I got the hang of it. When TuTu Atwell caught a pass, I pointed immediately to the board. When Malik Reed dragged him down, I pointed up to his position on the list of Broncos defenders. On that final drive, I was able to track the Broncos’ defenders well enough to point to Johnson’s name within a beat of him batting down an end-zone pass.

Any piece of information that could cut down on my reaction time was incredibly valuable, as there was no time to hesitate. Take too long to identify the tackler with binoculars? Can’t find the Rams defender on a crowded board?

The information was no longer valuable. Steve had moved on in the broadcast.

Of course, it was better to be slow than to be wrong. And like a player who remembers a drop more than a touchdown, I’ll remember the call I missed.

On the Rams’ first drive of the second quarter, Josey Jewell looped inside to sack quarterback Bryce Perkins on third-and-7 and was met at the quarterback by a host of Broncos. I first identified Jewell and pointed at the board, which allowed Steve to make the call. I glanced back down at the field through my binoculars and was sure I saw No. 95 on the ground by Perkins. McTelvin Agim had already been in the game, and it would’ve made sense for him to wind up involved in the sack. I pointed to Agim’s name on the board, and Steve alerted the audience that he’d been involved with the play. When I saw No. 45 get to Perkins on the replay a moment later, I cringed. Alexander Johnson is a decent-sized linebacker, but he’s certainly no Agim.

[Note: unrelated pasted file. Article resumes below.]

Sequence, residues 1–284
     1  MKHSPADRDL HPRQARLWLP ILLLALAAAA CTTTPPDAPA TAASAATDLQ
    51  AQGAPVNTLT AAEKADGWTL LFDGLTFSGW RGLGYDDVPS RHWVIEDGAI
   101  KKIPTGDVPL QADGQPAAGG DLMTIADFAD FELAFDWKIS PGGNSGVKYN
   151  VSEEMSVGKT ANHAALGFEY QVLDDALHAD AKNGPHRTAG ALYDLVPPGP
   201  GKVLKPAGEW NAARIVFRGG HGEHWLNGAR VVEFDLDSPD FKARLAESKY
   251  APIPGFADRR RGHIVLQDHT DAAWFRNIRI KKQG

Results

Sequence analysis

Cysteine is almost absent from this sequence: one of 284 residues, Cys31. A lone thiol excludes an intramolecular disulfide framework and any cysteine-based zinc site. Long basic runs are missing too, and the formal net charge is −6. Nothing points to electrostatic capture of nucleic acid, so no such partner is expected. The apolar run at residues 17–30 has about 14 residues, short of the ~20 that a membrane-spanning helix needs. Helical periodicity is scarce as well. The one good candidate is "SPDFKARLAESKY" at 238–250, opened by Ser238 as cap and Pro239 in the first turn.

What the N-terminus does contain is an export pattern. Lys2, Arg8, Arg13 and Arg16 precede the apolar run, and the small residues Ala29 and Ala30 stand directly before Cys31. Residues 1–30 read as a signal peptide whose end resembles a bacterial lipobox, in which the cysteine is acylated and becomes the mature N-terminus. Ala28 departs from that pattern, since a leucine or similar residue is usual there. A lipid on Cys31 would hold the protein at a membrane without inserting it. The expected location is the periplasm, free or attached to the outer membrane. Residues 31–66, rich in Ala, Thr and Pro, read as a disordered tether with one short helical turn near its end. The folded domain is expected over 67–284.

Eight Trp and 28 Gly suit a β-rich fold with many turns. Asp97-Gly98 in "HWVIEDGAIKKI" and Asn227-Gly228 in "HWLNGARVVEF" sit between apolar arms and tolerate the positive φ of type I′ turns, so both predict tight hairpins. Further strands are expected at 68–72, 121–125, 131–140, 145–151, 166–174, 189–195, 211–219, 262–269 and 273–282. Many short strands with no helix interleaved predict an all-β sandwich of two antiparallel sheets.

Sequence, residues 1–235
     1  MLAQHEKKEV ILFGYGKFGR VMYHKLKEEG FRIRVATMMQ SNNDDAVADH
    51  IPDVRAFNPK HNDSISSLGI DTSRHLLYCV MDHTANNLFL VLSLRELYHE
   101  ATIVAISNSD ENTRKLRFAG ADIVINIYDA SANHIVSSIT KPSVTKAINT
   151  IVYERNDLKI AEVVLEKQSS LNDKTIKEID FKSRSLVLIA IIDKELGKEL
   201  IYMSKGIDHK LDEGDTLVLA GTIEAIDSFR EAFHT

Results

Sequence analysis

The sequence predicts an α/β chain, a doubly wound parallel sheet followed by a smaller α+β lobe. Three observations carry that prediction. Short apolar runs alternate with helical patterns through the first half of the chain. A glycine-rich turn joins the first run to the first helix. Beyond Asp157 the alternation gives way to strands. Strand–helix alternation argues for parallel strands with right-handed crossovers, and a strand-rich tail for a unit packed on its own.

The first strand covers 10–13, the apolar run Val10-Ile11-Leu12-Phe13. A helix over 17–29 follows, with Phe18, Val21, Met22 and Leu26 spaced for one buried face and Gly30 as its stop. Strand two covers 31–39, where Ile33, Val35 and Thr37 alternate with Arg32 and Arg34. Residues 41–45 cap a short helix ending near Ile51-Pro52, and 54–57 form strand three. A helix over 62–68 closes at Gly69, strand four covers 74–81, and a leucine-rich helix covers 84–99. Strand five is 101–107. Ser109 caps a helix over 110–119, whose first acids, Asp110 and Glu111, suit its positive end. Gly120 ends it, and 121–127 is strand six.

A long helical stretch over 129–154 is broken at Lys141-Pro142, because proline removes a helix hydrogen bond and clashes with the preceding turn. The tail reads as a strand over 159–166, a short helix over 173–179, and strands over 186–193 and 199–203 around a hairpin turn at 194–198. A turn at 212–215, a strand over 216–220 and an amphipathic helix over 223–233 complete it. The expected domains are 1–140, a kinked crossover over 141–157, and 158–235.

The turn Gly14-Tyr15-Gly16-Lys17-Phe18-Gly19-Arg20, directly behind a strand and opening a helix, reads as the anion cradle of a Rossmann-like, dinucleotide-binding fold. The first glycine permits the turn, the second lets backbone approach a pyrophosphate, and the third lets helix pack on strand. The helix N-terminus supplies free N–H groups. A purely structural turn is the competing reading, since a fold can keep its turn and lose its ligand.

Steve wasn’t upset — he just looked over at me with a knowing smile. I couldn’t have felt worse. It didn’t matter that I was the one who was wrong, because Steve looked wrong. If you noticed that on the broadcast, cut Steve some slack. I deserve the blame there.

I can understand why players don’t get over a drop or missed tackle very easily; for the rest of the half I couldn’t shake the play. Luckily, I didn’t botch another play the rest of the game, and it came full circle when Agim recorded a sack of his own on the final drive.

At that point in the game, my trial run as an NFL spotter was almost over. Seven plays later, on the final snap of the game, I tracked the ball down the sideline as Perkins launched a deep throw to tight end Jacob Harris.

As the ball fell incomplete, I pointed on the board to Harris and then to the Broncos’ defender in coverage. Steve waved me off. On the final snap of the game, the win was more important than the player in coverage.

Zeroes on the scoreboard. Zeroes in the loss column for the Broncos. Denver will finish the preseason a perfect 3-0.

My performance was far less perfect, but I did gain an appreciation for the hard work, dedication and skill required from both the announcing crew and the crew around them, from the statisticians and producers to camera operators and lighting crew.

And yes, even the fill-in spotter.

Unlike some of the numbers on Saturday, that was quite easy to see.